Apple’s UK retail arm paid less than £800,000 tax last year after using an employee stock option scheme to reduce its tax bill.
// Apple stores in the UK paid less than £800,000 tax last year
// The tech firm’s UK retail business made pre-tax profits of £38.2m on sales of £971.5m
Apple’s UK retail arm paid less than £800,000 tax last year after using an employee stock option scheme to reduce its tax bill, according to a report in The Times.
The tech firm’s UK retail division Apple Retail UK reported pre-tax profits of £38.2 million on sales of £971.5 million in the 12-month period to 25 September 2021.
This marked a 29% increase on the previous year.
However, the latest financial reports also revealed that profits after tax were £37.4 million – indicating that the tech giant paid just £796,000 in tax for the full year.
Apple Retail UK was able to minimise its tax bill by £9.2 million after an increase in its share price saw it hand out a £30.3 million tax-deductible payout to employees.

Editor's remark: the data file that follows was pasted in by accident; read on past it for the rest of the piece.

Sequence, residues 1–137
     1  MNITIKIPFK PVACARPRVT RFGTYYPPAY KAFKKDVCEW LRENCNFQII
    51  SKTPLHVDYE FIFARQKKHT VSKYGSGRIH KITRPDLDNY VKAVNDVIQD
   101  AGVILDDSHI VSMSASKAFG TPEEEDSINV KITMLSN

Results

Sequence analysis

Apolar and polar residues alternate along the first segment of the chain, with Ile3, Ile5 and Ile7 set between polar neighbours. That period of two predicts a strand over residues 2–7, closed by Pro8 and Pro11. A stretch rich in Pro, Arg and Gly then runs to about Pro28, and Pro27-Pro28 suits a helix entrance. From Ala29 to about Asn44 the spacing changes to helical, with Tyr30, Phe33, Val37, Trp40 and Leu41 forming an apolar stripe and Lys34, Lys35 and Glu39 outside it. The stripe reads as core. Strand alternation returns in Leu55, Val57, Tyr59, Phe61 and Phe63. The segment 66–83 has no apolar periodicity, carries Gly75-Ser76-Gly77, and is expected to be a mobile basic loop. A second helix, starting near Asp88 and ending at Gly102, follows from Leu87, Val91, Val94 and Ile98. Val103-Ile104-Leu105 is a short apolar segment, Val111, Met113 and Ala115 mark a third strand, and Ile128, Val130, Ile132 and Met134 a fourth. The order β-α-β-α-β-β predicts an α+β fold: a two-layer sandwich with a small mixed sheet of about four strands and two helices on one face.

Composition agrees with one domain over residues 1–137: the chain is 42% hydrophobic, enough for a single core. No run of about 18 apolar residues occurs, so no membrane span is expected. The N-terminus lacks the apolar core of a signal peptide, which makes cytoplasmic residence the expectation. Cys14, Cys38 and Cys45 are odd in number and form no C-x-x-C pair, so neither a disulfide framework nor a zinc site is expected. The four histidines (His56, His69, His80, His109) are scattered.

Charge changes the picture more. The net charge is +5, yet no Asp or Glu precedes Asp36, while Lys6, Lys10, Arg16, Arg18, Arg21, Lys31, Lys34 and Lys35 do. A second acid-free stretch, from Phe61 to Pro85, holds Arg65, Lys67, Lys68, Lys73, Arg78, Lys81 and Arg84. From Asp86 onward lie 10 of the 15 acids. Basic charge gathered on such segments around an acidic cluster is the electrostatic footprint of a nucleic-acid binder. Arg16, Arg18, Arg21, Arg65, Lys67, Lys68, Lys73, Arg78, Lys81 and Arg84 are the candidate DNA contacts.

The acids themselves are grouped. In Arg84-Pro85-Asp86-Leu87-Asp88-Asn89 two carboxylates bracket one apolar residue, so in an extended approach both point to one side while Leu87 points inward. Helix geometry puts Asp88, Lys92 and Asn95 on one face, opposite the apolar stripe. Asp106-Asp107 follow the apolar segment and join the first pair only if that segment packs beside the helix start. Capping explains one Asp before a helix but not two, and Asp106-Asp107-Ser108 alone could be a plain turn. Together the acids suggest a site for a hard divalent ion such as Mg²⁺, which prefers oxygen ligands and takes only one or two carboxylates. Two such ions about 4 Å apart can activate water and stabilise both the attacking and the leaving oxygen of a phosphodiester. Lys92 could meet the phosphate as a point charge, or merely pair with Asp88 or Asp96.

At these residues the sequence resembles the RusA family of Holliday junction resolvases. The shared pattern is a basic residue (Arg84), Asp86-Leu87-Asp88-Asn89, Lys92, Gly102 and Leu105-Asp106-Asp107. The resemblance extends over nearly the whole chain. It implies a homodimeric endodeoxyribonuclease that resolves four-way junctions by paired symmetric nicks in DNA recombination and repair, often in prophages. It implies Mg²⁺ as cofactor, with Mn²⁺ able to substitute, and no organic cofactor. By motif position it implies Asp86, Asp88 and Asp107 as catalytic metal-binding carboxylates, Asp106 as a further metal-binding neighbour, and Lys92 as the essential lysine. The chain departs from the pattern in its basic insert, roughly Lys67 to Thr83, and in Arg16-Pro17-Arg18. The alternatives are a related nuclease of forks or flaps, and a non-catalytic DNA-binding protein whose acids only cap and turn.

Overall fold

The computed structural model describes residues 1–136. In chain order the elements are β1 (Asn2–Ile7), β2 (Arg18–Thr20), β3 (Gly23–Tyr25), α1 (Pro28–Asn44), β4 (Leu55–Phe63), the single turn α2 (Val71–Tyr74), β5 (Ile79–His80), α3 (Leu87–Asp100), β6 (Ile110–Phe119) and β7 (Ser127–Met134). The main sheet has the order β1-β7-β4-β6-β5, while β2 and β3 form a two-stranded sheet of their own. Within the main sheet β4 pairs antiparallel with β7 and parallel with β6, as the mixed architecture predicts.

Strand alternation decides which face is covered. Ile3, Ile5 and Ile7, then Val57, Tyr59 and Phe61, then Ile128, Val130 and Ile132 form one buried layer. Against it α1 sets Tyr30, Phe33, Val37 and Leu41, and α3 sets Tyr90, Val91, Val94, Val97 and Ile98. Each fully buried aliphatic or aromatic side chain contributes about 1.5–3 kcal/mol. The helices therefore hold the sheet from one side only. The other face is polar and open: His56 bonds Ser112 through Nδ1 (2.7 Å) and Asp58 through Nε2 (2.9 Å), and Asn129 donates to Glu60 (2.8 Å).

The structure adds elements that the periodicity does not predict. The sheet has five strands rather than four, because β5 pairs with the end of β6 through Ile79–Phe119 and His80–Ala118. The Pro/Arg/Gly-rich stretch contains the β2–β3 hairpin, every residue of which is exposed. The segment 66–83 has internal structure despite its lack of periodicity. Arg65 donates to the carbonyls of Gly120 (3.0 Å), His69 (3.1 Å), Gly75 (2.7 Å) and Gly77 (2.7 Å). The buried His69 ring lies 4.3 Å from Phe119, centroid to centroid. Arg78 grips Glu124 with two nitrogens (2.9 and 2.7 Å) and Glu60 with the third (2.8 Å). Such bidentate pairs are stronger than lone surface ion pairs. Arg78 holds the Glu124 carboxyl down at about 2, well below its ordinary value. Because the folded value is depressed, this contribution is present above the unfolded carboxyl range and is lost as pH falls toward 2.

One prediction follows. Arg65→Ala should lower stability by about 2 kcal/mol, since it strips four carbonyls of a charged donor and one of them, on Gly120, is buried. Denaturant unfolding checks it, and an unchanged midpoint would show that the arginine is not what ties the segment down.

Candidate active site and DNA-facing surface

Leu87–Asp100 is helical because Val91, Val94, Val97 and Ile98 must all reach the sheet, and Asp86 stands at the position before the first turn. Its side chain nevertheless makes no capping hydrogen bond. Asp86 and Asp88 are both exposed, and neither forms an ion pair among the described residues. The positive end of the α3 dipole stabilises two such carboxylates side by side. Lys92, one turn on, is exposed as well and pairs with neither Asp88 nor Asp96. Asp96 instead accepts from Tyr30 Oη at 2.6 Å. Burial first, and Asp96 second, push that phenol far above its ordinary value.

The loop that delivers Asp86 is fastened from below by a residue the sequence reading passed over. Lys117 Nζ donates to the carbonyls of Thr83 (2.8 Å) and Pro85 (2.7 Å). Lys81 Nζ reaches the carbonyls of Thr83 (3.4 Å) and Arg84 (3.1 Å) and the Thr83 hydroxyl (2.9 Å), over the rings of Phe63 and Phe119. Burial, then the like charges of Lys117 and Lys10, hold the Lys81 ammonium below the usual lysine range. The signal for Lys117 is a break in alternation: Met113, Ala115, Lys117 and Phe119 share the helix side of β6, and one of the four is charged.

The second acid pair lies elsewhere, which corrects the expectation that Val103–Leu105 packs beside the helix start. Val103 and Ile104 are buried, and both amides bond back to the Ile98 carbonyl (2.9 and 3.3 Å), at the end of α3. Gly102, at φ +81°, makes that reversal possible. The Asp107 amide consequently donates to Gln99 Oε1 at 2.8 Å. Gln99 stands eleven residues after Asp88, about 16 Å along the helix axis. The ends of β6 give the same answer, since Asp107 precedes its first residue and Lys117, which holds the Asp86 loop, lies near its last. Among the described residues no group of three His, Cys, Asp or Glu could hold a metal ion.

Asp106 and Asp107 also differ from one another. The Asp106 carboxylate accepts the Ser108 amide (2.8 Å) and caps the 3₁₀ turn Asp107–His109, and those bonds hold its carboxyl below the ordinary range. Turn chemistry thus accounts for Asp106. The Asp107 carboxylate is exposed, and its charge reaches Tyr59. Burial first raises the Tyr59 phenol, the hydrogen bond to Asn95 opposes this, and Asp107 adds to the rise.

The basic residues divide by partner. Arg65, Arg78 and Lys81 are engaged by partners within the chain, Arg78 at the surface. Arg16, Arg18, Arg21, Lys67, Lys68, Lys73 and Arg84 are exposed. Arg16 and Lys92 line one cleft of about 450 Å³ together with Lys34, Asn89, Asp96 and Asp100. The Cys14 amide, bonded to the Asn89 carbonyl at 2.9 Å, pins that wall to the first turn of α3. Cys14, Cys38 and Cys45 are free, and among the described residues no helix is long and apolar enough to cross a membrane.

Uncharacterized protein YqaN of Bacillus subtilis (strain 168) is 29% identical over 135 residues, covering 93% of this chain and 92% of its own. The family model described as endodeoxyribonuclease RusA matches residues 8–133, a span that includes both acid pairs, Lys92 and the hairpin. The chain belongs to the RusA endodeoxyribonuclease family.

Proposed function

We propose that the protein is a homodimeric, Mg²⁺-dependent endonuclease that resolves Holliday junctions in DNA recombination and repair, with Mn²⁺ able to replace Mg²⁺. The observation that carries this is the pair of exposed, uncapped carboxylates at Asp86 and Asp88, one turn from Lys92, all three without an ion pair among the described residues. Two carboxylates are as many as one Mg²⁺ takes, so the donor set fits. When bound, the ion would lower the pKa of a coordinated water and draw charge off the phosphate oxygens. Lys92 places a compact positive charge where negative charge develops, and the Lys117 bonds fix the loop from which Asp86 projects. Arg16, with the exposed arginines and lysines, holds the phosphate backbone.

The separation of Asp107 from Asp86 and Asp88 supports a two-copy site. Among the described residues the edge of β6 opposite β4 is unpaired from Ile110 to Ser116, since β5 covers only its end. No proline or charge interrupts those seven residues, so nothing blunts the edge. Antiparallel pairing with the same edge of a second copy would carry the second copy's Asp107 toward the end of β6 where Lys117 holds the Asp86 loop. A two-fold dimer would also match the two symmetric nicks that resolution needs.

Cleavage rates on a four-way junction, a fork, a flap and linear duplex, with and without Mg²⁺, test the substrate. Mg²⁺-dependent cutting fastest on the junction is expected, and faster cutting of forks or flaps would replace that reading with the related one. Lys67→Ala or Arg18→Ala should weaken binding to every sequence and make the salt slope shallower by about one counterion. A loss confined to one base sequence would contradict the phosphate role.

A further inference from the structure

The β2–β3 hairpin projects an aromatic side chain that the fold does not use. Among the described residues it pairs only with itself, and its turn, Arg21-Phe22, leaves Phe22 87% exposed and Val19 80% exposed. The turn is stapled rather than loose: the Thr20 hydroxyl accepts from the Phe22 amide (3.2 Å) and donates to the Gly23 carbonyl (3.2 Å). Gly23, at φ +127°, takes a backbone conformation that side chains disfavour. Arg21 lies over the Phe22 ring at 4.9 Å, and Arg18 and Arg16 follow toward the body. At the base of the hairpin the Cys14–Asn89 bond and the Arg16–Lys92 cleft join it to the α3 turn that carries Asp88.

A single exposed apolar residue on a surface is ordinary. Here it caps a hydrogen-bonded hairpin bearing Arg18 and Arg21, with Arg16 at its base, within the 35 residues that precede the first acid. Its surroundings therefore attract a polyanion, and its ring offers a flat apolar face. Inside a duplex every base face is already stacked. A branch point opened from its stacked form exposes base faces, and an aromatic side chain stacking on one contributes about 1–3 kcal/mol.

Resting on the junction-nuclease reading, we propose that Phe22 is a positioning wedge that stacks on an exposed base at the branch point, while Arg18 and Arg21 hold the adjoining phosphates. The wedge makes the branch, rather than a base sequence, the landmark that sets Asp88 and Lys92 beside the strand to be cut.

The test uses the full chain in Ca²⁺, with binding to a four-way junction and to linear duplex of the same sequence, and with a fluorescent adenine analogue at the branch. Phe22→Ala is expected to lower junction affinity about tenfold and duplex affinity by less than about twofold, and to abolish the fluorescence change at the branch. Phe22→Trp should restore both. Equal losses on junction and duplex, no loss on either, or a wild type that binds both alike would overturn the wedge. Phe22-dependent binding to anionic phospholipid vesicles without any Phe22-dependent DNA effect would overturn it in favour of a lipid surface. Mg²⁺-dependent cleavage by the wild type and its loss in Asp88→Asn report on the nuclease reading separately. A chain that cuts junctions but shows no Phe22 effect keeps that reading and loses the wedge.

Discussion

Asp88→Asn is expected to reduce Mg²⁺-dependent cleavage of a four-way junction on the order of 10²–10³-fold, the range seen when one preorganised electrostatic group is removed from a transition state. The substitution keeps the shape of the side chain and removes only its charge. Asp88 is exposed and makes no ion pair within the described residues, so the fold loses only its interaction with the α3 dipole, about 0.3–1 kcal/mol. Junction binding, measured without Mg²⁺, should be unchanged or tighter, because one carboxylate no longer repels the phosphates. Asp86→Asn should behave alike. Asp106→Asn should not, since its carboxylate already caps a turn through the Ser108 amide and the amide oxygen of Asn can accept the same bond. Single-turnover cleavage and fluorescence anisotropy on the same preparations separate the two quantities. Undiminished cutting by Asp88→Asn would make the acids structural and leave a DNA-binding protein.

Richard Murphy, professor of accounting at Sheffield University’s management school, told The Times he believed that Apple had claimed the full available tax relief from the scheme, without properly accounting for all the related costs.
“We know the important role taxes play in society and always pay all that we owe everywhere we operate,” an Apple spokesperson commented.
“In addition to our tax payments, we are proud to be an engine of growth in the UK supporting more than 450,000 jobs across the country.”
Apple (UK), a subsidiary providing technical services to other parts of the Apple business, paid £7.1 million tax on profits of £50.7 million last year.
Apple Europe, a third subsidiary encompassing sales made online and through other retailers in the UK and across Europe, paid £102 million of tax on profits of £646 million.
The company extracted £559 million of dividends from its three UK-registered entities last year.